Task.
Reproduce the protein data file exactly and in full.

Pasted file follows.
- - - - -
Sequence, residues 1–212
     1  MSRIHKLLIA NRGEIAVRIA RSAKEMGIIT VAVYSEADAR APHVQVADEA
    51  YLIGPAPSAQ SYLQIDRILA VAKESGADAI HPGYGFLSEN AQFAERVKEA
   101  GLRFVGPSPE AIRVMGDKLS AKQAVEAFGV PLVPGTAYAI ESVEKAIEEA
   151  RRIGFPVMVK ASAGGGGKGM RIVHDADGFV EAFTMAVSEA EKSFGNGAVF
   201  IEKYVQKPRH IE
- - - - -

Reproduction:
Sequence, residues 1–212
     1  MSRIHKLLIA NRGEIAVRIA RSAKEMGIIT VAVYSEADAR APHVQVADEA
    51  YLIGPAPSAQ SYLQIDRILA VAKESGADAI HPGYGFLSEN AQFAERVKEA
   101  GLRFVGPSPE AIRVMGDKLS AKQAVEAFGV PLVPGTAYAI ESVEKAIEEA
   151  RRIGFPVMVK ASAGGGGKGM RIVHDADGFV EAFTMAVSEA EKSFGNGAVF
   201  IEKYVQKPRH IE